"I was able to view Library Safety and Security and Interacting with the Homeless. I learned so much and appreciate the education you offered.  I became aware of changes, large and small that I can make in my life to enhance how I interact with all people. I do hope our library offers your classes in the future because I did not view all the webinars that I wanted to and I am sure my coworkers feel the same. Thank you again." - Vicki from VA

"I wanted to send you a note of thanks for your webinars... I watched 5 of them and found them to be incredibly informative. Currently I am working with my library's director to put together a situation response manual for safety and security matters that apply to our own library... What you have shared has been very useful to help set up some guidelines and decide a good direction for training within our organization. Thank you so much for sharing your insights." - Jennifer from IN

"Thank you for the great content. I appreciate it." - Carmen from MT

"[I] found [your webinars] extremely helpful and informative. Thanks again and stay safe!" - Christine from PA

"I remember when you came to our Annual Employee Training Session and presented a terrific class. I was able to view all of your webinars during this time and I learned so much. Your generosity of spirit during this pandemic is truly appreciated and your kindness will be remembered. Thanks again and Cheers." - Bernadette from CA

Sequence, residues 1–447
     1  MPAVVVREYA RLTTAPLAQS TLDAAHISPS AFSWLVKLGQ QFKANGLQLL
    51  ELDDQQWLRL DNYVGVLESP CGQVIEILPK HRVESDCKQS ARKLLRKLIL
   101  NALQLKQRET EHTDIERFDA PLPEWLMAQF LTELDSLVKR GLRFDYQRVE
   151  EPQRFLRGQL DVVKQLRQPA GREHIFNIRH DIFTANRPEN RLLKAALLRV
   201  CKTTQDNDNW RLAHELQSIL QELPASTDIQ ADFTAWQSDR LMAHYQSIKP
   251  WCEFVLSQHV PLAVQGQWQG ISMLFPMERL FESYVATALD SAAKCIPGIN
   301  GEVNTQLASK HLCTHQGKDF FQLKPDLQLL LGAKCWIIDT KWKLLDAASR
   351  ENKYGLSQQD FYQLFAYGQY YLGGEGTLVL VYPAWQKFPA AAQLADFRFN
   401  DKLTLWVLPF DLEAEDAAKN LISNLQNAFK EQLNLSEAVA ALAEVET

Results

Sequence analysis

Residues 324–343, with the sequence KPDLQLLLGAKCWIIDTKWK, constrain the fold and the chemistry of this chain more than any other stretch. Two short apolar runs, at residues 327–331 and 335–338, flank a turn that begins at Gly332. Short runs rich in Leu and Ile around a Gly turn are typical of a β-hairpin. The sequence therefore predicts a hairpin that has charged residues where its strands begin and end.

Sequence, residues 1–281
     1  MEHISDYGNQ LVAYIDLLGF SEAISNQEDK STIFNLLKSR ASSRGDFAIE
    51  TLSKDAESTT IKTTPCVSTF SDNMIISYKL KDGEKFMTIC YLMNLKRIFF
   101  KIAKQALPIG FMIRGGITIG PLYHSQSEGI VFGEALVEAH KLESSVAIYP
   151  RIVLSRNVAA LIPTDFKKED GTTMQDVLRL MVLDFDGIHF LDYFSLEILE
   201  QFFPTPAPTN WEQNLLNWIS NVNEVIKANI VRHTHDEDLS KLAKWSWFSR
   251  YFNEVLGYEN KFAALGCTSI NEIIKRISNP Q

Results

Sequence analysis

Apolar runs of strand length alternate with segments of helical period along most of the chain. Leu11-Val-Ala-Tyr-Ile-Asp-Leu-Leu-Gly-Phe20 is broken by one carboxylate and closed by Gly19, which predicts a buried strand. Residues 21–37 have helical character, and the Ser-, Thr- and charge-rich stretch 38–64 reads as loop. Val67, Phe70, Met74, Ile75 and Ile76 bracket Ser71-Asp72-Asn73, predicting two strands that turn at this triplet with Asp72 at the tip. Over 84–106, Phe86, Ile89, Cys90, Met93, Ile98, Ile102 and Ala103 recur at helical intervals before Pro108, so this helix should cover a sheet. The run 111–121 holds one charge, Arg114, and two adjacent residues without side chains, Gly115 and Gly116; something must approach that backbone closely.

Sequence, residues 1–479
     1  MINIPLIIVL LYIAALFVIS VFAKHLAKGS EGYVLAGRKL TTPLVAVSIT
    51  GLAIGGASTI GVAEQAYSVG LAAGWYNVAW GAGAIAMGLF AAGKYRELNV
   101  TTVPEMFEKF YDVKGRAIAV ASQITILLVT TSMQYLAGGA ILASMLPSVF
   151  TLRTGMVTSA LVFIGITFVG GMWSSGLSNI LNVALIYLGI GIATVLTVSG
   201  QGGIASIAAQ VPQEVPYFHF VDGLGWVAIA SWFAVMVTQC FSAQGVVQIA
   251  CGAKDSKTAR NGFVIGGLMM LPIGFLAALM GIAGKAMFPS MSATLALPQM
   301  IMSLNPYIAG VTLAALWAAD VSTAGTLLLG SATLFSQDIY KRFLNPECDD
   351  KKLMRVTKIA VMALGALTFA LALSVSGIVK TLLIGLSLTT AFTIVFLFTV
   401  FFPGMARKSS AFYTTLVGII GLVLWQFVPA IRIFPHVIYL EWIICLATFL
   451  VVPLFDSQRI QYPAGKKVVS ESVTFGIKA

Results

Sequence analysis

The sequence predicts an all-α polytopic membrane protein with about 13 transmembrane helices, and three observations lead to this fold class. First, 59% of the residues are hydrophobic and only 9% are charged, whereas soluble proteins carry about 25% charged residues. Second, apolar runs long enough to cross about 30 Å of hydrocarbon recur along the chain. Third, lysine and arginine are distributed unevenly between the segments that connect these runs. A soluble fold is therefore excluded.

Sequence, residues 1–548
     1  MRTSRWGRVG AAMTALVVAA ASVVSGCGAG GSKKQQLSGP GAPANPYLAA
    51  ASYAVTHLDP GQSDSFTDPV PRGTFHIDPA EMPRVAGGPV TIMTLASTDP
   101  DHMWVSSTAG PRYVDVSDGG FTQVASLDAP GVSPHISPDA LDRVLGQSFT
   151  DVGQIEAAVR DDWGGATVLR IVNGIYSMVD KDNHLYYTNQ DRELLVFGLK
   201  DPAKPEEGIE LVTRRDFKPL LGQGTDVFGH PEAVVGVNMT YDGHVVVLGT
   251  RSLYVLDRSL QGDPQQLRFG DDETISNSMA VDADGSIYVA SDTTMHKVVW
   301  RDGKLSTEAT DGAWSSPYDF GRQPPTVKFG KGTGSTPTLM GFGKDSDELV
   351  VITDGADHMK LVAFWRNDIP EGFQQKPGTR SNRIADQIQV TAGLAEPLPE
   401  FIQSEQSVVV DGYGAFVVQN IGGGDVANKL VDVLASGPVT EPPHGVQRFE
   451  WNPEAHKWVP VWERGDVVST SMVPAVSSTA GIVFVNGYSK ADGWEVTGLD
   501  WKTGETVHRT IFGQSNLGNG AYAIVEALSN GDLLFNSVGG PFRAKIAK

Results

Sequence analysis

"We have watched a couple of [your webinars] in the past and they always provide a great approach to issues that are becoming more and more common in public libraries." - Rod from TX

"Your webinars were educational and inspiring." - Karen from GA

"I have recently watched all your webinars... (this begins to sound like a groupie saying, "I have all your records!") and I'm so grateful to have had the opportunity to learn from them. They were probably the best work at home professional development material I encountered in the two months my library has been closed. I've worked in public libraries since 1988 and everything you said makes sense in my experience. I look forward to putting what I learned from your webinars to use when we eventually reopen to the people the library exists for. Many thanks!" - Barbara from BC Canada

"'I've learned a lot from your diverse offerings as I knew that I would. I listened to 4 of your webinars at this run. I also attended your talk last year at one of our branch libraries. I hope that your presentations remain in my mind and that your practical, philosophical and respectful methods of engagement can be brought forth in times of need." - Deborah from CA

"We don't always take the time to do online courses or participate in webinars because of time and money restraints. We have been lucky to have the time now to take advantage of these opportunities. Your webinars really pack a lot of info in the time allotted. Your observations and surveys conducted with staff across the country made this applicable and the reality. Many of the situations described sound like our day to day interactions with patrons. Again thank you so much for these valuable webinars. I hope we will be open soon and able to put your tips into practice." - Kathy from MD